Among the findings in this year’s UC Davis study:

  • Above the glass ceiling: With 57 percent top female leaders, Williams-Sonoma Inc. has the highest percentage since the study began. Including CEO Laura Alber, four of Williams-Sonoma’s five highest-paid executives are women, and the company has four women on its nine-person board. Eleven of the study’s top 25 firms have a female CEO.
  • The glass ceiling intact: The number of companies with no women in director and highest-paid executive positions dropped to 92, a new low, below 100 for the first time. This is a 33 percent decrease since 2010, showing more women are being appointed to existing or new board seats and executive positions. The largest concentration of these 92 companies (30) are headquartered in Santa Clara County.
  • Corporate boardrooms remain male dominated: Although still low overall, the percentage of women directors in California has risen steadily from 8.8 percent in 2006 to a high of 13.3 percent in 2015. Since 2006, when the study began tracking the largest 400 companies in California, the share of female directors has risen by 4.4 percentage points — incremental, but a 50 percent increase.
  • While women hold 29 more board seats (432 of 3,260 total), the total number of board seats has increased by 20 since last year, diluting the growth in the percentage of seats held by women. Women do hold an increasing share of nominating, compensation and audit committee chair positions, all of which increased at least 5 percent from last year.
  • A majority of the companies still have no women among their highest-paid executives. The percentage of women who are reported to be highest-paid executives has risen to 10.5 percent in 2015 from 7.8 percent in 2007, the first year those data were collected, for a 35 percent increase over that time.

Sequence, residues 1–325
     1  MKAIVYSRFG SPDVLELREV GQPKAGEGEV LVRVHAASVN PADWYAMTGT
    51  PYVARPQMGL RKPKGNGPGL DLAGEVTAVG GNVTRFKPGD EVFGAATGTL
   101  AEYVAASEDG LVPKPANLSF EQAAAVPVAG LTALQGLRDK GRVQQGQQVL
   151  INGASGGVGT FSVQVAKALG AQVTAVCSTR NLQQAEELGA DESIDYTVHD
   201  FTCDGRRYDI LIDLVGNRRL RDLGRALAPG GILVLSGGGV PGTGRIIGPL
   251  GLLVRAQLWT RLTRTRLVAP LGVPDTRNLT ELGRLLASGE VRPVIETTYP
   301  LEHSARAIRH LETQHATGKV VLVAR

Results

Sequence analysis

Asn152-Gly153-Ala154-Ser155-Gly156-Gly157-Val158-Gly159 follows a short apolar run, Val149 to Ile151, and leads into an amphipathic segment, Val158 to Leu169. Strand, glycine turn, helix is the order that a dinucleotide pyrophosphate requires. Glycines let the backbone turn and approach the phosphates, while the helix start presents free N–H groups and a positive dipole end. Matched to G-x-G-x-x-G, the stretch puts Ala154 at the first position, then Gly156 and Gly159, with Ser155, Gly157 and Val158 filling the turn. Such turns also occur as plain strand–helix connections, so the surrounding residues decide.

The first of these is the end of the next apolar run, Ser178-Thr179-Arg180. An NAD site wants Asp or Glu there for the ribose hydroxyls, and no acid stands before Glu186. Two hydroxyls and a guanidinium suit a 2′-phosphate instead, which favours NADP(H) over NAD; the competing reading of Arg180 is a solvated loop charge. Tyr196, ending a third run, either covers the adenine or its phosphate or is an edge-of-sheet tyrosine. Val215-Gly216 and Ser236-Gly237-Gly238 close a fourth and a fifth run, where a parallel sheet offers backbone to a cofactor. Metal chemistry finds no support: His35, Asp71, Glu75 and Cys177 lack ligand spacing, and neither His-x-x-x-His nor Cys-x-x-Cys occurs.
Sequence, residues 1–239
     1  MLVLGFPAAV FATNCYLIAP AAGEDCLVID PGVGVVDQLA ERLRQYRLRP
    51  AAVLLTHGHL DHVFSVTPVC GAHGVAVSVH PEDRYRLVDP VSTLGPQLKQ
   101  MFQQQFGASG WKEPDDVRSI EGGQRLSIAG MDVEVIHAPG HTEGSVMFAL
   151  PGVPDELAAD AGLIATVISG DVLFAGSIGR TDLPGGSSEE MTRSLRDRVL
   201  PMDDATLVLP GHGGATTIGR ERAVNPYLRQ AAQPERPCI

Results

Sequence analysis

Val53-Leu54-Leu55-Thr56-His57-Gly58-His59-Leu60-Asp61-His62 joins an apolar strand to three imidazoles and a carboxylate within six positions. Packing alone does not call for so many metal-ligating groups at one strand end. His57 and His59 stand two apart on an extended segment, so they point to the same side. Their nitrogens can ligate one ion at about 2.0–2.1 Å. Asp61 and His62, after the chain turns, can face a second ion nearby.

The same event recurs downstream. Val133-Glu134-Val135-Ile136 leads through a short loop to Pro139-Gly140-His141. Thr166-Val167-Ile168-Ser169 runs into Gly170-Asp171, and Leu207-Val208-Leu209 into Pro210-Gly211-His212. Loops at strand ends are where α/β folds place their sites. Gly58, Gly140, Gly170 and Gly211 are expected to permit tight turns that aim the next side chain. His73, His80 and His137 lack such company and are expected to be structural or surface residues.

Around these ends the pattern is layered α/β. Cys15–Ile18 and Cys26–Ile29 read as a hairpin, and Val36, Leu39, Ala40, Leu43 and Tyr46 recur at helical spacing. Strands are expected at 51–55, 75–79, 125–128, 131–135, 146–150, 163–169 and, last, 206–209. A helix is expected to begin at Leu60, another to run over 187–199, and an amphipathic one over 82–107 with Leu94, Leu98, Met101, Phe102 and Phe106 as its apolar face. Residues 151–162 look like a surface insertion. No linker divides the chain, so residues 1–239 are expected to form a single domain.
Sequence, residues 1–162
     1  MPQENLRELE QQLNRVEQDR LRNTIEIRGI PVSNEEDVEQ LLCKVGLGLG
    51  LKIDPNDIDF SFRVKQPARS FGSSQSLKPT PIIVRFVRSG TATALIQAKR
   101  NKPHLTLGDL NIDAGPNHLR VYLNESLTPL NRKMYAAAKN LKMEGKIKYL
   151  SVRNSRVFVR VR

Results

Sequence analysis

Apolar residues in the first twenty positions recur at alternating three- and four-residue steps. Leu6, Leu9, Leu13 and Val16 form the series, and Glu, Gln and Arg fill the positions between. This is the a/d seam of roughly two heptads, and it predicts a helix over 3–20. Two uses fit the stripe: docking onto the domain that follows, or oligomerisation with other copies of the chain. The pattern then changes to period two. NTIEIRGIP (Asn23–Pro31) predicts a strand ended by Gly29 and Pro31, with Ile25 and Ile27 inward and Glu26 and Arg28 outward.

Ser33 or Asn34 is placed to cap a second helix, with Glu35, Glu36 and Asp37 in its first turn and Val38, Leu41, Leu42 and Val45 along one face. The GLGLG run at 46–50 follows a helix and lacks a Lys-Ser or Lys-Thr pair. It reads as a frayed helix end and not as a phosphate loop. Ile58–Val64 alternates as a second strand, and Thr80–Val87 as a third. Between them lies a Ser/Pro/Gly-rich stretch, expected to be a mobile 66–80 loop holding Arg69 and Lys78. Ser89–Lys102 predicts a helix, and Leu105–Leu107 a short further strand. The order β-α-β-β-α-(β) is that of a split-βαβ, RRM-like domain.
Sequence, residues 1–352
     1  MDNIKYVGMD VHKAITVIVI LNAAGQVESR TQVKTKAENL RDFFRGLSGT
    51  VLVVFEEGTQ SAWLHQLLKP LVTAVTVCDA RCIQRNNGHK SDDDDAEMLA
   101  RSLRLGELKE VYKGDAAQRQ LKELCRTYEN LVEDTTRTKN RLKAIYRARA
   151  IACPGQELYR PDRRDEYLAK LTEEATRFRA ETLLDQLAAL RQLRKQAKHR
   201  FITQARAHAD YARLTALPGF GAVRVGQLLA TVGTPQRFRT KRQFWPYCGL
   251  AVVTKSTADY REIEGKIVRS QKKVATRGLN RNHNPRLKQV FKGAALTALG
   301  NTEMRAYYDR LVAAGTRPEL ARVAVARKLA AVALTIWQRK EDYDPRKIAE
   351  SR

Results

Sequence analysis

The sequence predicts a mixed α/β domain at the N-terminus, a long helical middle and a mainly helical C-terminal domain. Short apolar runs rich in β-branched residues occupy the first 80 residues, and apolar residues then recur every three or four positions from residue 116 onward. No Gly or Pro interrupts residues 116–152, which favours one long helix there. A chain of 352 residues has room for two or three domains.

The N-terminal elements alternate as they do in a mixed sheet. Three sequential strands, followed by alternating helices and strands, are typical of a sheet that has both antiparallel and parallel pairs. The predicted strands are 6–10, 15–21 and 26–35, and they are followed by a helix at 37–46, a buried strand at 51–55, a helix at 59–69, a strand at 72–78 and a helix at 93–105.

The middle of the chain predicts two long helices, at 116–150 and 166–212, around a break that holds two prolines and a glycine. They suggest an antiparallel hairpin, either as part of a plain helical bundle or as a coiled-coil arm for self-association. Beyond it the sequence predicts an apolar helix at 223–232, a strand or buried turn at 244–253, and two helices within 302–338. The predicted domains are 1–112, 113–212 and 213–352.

• Where are the female directors? Among counties with at least 20 companies, San Francisco County has the highest percentage of female board directors (20.2 percent), and Orange County has the lowest (10.5 percent), followed closely by Los Angeles County (11.6 percent) and Santa Clara County (12.7 percent). Regionally, the Bay Area (14.5 percent) leads Southern California (11.7 percent).
  • Executives on location: Among counties with at least 20 companies, San Francisco County has the highest percentage of highest-paid women executives (15.1 percent), and across the bay, Alameda County (7.9 percent) has the lowest, followed closely by San Diego County (8.0 percent) and Santa Clara County (8.6 percent). Regionally, the Bay Area (10.9 percent) leads Southern California (9.6 percent).

The study tracks the members of the boards of directors and the five highest-paid executives for each company as reported to the Securities and Exchange Commission. The study examined filing data available as of Aug. 31, 2015. The 400 companies were selected based on highest market capitalization.

To publish the study, UC Davis partners with Watermark, a Bay Area-based nonprofit that is focused on increasing the representation of women in leadership roles.

“We’re pleased to see some movement forward but we want to see much more movement and at a much faster pace,” said Watermark CEO Marlene Williamson, who is also a veteran Silicon Valley technology executive. “This study is important in terms of tracking our success and determining what more we have to do to achieve gender equity in the top spots in corporate California. And from this study, we’ve created the Watermark Index, which looks specifically at how well Bay Area companies are doing in this regard. The UC Davis study, and now our Watermark Index, will continue to serve as important benchmarks as we go forward.”

Source: The University of California